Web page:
The current Biennale has 112 participants with entries from 46 countries; there are also exhibition elements such as “research stations” that illuminate the social context of architecture, and “co-habitats” that present case studies in the ways diverse people live together. The Biennale has multiple large exhibition spaces and about 30 dedicated national pavilions, many located in Venice’s Giardini della Biennale. This year’s Biennale allows in-person attendance and has integrated virtual events into its presentation.
To further structure the Biennale, Sarkis divided the exhibition into five distinct scales: the body, the household, the community, transborder regions, and the planet. Among other things, that structure engenders interdisciplinary thinking about the ways architecture and design interact with civil society.
“The conventional scales of past Biennales — architecture and city — miss out on scales where we are seeing the more radical changes in the practice, the scale of the body and that of the planet,” Sarkis says. The use of scales, he believes, also lends itself to innovative thinking — and has helped organize the exhibition for visitors and participants alike.
“Scale is a way we architects think, and therefore it fits within the way we organize our knowledge and our tools, even if it is here stretched much further,” Sarkis observes.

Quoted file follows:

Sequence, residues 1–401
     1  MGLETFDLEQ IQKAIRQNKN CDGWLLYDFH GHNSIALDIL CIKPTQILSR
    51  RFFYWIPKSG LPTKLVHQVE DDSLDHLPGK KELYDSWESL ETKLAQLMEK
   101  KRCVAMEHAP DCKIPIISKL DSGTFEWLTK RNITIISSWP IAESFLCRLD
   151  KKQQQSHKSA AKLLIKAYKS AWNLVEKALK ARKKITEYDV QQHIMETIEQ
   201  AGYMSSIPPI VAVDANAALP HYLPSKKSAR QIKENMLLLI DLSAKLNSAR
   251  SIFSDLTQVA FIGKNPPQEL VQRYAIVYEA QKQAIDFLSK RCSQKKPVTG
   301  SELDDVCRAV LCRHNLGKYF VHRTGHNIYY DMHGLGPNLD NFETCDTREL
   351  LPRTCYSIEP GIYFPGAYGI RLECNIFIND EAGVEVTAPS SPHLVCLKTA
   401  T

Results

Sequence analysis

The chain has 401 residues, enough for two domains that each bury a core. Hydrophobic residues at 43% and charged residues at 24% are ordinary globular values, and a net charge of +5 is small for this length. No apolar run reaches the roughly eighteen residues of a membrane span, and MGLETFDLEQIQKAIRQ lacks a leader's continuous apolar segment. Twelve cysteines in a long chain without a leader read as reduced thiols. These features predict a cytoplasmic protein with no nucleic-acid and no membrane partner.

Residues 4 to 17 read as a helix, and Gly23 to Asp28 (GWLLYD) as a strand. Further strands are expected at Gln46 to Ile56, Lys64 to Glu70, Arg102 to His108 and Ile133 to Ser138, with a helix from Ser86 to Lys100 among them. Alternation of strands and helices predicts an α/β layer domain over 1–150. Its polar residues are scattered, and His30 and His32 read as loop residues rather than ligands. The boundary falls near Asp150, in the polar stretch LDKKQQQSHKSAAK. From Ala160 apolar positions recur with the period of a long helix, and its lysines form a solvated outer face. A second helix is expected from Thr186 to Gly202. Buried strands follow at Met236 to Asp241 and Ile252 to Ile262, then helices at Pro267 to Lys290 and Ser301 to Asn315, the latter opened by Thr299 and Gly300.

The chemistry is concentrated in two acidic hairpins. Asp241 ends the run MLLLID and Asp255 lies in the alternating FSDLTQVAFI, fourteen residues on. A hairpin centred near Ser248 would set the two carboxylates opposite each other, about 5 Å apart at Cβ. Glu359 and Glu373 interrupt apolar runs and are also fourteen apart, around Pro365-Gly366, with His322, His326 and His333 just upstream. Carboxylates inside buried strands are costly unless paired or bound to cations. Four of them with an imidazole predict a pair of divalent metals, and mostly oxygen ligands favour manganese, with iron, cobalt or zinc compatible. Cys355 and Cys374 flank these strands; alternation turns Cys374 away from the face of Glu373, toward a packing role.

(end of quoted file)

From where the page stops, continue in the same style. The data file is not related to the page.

Given that the pandemic has forced many people to learn to live apart from each other, Sarkis acknowledges an apparent “irony” in the Biennale’s thematic question. Conversely, however, the pandemic has powerfully underscored the need for responsive, thoughtful architecture that will let people live together in a range of circumstances. Sarkis notes that multiple such ideas were already present in the Biennale’s entries.
“There were many projects that already anticipated architectural attributes that have become more pronounced after the pandemic,” Sarkis says. “For example, one project by a Jordanian architect, Sahel Alhiyari, looks at the courtyard house as a resilient typology over centuries — how the interior/exterior organization has adapted to many uses, and how the exterior space remains essential as an organizing but also breathing element for the house. We have seen how important enclosed outdoor space has been during the pandemic.”